Running is not just as simple as you thought

 

ATHLETICS:Ultimately, correct running style takes practice, and lots of it. Once it's achieved there is no turning back, but it may mean getting out there every day, writes Ian O'Riordan 

ACCORDING TO a poll just carried out by the San Juan Daily News, the three most fashionable New Year's resolutions for 2009 were to lose weight; to stop smoking; and to spend less. These, I suspect, are the same New Year's resolutions least likely to survive past the first couple of weeks of 2009.

There is hope, however, for anyone who has decided their resolution is to start back running - or even to start running for the first time. They will almost certainly lose some weight; definitely want to stop smoking; and probably end up spending less. This is partly based on the idea that the lure of running can be highly addictive, and therefore likely to last well past 2009.

And running, as everyone knows, is the simplest and most pleasurable form of physical exercise. Most of the time anyway. The problem is that it is often made painfully complicated by bad running style. There is a big difference between the right and wrong techniques of running - particularly if it is to be a long-term pursuit.

I was thinking about this on New Year's morning when leading a small band of local recruits on a run down Sandy Beach, the 13-mile stretch of Caribbean shoreline on the surfing side of Puerto Rico. Everything about running on a sandy beach like this demands total attention to correct running style. And more so given the night before we'd all succumbed to Hemingway's travel tip for the Caribbean: preserve water, drink rum.

My first word of advice then was to start out slow. "Painfully slow," I said, and by this I meant running well within ourselves. Nothing will ruin the prospect of an accomplished run more effectively than starting out too fast. This goes for all levels of fitness, but especially for anyone just starting back. Even the Kenyans start out painfully slow on their morning runs, a practice known as the "Kenyan shuffle".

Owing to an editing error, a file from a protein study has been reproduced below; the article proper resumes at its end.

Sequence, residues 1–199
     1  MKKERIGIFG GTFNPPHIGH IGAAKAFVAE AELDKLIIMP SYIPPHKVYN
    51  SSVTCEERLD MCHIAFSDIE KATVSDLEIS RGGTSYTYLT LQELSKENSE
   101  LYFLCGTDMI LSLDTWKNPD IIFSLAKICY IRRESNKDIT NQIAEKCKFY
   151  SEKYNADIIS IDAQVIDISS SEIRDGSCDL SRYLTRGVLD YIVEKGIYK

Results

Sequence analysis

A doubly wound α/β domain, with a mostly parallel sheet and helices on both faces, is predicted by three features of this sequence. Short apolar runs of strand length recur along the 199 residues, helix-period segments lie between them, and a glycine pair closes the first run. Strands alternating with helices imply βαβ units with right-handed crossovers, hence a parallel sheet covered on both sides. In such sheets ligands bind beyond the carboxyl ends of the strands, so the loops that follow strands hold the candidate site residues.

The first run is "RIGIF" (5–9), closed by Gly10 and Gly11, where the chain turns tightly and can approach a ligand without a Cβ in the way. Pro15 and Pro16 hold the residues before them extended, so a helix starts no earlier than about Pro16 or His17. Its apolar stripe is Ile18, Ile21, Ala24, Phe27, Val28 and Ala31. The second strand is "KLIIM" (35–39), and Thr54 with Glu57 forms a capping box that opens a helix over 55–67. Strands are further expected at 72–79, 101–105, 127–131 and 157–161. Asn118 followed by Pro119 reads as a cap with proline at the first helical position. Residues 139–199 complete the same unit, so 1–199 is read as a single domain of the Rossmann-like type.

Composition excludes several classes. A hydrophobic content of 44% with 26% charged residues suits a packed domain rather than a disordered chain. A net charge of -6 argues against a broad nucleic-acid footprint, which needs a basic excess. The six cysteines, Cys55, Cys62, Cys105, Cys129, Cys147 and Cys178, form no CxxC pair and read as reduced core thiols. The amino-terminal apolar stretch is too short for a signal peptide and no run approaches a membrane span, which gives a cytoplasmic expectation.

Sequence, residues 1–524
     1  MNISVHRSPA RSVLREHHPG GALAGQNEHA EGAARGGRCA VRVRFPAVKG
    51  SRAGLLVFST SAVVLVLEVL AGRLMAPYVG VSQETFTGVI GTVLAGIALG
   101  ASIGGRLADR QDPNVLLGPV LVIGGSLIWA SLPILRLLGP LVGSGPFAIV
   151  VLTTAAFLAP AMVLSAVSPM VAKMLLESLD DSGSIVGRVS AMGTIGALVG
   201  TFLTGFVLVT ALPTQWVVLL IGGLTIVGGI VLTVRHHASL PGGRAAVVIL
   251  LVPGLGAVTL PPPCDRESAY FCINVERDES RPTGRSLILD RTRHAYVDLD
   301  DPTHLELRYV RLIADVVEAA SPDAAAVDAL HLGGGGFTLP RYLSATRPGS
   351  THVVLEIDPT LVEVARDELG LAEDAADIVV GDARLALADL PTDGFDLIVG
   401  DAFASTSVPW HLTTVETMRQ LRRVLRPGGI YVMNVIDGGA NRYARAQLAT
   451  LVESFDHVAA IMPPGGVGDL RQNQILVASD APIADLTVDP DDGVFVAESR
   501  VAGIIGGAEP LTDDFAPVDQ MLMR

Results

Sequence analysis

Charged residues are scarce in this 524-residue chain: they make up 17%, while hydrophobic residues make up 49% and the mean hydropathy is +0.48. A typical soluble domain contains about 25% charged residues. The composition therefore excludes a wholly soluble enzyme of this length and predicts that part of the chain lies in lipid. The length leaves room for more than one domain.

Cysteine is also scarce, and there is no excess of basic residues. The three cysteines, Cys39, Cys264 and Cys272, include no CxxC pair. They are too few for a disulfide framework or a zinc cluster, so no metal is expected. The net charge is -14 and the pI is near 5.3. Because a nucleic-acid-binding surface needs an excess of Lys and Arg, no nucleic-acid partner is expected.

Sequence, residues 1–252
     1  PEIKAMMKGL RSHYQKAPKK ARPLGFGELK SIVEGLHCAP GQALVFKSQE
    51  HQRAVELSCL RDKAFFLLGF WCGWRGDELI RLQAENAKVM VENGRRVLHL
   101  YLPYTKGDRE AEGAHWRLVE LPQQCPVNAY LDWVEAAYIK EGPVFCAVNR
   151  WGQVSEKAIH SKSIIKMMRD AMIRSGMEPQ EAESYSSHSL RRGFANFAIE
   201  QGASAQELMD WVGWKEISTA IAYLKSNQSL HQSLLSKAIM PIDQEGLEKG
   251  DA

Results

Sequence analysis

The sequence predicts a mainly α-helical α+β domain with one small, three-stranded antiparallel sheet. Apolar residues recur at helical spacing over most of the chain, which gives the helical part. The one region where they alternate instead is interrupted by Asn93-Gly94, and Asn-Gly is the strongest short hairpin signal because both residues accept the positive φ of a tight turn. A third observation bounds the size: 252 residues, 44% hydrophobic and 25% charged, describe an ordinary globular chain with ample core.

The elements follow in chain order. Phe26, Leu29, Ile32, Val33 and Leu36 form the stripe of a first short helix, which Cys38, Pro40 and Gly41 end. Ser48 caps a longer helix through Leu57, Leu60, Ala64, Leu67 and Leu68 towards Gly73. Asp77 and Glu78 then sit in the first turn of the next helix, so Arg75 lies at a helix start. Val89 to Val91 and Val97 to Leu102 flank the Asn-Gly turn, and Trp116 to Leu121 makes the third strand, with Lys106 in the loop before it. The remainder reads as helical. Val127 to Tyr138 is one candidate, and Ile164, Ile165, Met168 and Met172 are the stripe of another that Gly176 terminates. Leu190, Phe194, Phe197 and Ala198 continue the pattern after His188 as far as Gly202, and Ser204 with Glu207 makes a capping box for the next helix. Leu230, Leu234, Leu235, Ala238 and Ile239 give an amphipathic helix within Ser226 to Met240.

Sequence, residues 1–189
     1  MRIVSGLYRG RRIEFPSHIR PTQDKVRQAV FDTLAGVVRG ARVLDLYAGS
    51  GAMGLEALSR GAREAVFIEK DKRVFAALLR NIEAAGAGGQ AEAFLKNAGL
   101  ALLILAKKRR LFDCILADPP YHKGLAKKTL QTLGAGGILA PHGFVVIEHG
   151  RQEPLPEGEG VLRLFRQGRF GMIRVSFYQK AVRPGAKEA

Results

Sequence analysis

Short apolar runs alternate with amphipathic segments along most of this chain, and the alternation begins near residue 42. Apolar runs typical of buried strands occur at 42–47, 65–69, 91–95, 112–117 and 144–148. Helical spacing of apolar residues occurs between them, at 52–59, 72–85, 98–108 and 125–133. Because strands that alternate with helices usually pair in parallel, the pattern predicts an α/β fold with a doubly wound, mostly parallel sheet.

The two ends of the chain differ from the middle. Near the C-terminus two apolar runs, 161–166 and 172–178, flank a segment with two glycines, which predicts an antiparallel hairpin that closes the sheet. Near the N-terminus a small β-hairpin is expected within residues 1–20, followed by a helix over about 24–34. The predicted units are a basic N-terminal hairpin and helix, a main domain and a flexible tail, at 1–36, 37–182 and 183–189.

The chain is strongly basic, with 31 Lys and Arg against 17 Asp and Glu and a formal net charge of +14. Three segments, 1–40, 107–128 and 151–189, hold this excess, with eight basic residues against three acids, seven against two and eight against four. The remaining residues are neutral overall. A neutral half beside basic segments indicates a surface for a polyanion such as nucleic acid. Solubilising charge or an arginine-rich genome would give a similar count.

When running on sand starting out fast is not an option anyway. The sand around here is firm and flat in some places, loose and rough in others. Although it is one of the most beautiful places to go running, when the curved shoreline and occasional sand dune is taken into account, it's definitely not the easiest.

No wonder then that for years some of the world's finest distance runners have often included a period of sand dune running in their Olympic preparations. Percy Cerutty, who some may remember as coach to the great Australian miler Herb Elliott, made it one of his trademark sessions, and not just because of the demanding nature of the terrain.

Cerutty grew up in extreme poverty and in 1942, at age 47, his health had failed so dramatically he decided to do something dramatic about it. He adopted a raw-food diet and embarked on a violent exercise regime. Five years later, at 52, he ran a marathon in exactly three hours.

Cerutty also became obsessed with correct running style. He studied the movements of animals and birds compared to humans, and figured out for himself ways in which we can learn from them. To master his trade, he took his pupils to the sand dunes of Portsea, on the Victorian coast. Running barefoot on sand, he said, was the first step towards developing correct running style.

The first rule he tried to instil was that we run with the legs, not on them - this was perhaps the most important factor in correct running style. "Shift all your weight to your upper body," Cerutty would say, as that would create the conscious effort to run with the legs, not on them. This takes some practice.